Down The Drain
We have always found drainage a fascinating part of any project. Cutting in to an old drainage system six or seven feet below ground level and often being the first person to come into contact with those old pipes since a tradesmen installed them a hundred years or more in the past makes a unique connection with the soul of the building.
With a new build it is usually a series of trenches and a lego kit of plastic parts joined together across the plot. The test is always a tense moment when the drainage inspector comes to site and the new drainage has to stand up to an air pressure test witnessed by the inspector. These days we use the services of HPGS Ltd who can certify their own work.
With the new house we had to break into the sewer and bring the new lines onto the site via the garden of the existing house at the back of the plot. (That process was covered in an early blog) In the past the new drainage for the house would have been such a network of brown underground plastic pipes but partly in response to the recent and repeated flooding across the country Building Regulations have changed and our drainage system had to incorporate a storm water response system.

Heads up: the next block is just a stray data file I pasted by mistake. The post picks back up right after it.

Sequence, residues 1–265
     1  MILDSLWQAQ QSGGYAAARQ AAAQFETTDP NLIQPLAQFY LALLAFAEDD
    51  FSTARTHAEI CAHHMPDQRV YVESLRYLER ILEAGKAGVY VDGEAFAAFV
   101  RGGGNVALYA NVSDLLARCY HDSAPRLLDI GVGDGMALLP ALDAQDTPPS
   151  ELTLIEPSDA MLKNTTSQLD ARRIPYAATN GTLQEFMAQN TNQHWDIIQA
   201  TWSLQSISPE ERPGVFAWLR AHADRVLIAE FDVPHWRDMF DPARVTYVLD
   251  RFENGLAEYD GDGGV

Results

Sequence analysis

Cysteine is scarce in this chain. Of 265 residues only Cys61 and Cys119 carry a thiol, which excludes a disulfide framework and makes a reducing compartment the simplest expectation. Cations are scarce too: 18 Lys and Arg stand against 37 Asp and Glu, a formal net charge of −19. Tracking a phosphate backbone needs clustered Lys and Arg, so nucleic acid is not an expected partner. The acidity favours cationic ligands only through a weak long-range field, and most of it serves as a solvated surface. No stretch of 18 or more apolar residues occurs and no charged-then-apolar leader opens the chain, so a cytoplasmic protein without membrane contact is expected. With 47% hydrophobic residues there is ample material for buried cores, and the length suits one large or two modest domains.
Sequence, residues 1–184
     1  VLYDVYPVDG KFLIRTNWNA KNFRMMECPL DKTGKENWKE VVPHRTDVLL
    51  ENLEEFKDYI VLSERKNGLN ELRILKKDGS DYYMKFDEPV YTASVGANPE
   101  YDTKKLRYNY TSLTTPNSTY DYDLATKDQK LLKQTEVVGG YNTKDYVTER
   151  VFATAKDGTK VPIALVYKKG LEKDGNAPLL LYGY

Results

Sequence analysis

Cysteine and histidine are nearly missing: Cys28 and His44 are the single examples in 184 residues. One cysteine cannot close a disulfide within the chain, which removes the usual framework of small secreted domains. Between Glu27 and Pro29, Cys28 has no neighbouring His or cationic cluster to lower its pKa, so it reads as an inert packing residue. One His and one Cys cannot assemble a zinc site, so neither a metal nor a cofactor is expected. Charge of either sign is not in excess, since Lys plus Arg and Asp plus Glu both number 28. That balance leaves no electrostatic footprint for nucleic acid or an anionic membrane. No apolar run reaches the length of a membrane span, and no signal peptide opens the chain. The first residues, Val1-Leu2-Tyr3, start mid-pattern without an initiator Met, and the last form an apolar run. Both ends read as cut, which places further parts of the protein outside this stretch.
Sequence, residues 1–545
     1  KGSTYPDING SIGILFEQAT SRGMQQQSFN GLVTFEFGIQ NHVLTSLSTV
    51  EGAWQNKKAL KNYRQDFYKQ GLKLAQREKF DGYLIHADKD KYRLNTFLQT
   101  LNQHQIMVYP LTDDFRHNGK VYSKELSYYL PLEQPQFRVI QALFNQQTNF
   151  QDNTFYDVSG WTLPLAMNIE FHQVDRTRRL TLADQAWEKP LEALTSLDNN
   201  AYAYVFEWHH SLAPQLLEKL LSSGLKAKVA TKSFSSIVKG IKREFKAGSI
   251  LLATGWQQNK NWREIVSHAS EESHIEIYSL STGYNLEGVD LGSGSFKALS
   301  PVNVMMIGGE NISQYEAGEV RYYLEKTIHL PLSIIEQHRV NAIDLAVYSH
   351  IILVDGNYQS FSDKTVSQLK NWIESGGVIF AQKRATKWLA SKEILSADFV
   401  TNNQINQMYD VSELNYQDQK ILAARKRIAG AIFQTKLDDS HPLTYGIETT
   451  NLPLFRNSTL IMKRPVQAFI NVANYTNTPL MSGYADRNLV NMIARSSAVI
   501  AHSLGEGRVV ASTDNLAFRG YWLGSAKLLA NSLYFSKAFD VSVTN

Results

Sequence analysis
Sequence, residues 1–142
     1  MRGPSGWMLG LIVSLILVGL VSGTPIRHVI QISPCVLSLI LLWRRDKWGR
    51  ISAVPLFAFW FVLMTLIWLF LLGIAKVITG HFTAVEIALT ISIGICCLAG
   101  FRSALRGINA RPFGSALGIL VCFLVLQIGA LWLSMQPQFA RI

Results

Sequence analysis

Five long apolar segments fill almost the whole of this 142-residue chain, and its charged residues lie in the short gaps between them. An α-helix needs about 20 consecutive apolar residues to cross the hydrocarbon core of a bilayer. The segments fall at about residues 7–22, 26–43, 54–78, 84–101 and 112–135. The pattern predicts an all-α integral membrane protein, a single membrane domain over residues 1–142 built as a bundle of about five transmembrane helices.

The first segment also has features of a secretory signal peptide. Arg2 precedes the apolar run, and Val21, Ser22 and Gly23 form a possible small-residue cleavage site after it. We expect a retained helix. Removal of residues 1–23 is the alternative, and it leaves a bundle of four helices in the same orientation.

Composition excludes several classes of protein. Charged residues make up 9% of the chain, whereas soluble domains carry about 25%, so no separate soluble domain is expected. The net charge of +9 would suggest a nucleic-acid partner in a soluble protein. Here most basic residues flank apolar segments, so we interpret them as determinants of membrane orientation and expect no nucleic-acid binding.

Our structural engineers Create, designed the system and their Principal, Paul Jenkins explains the system here:
"Designing drainage schemes for inner city developments is significantly harder and more costly than ever before.
Scottish Water the main Approval Authority for most new schemes in Scotland have developed very onerous conditions for people wanting to build on sites within cities. Whilst all foul drainage must be taken by the Scottish Water infrastructure for the stormwater it is a completely different matter.
On account all the main infrastructure across Scotland has not really been developed and increased over the last 100 years, Scottish Water has decreed that only very small discharge rates will be allowed for stormwater leaving a particular site.
Whilst there are many different methods for doing this, at Tipperlinn Road, the only suitable solution was for attenuation storage with a restricted discharge device before the drains connected to the Scottish Water sewer.
Simply put we had to create a large below ground holding tank which could store all the rainwater that lands on the site. A throttle, technically called a “Hydrobrake” , installed downstream acted as the restrictor to ensure the water “trickles” out of our site into the sewer." PJ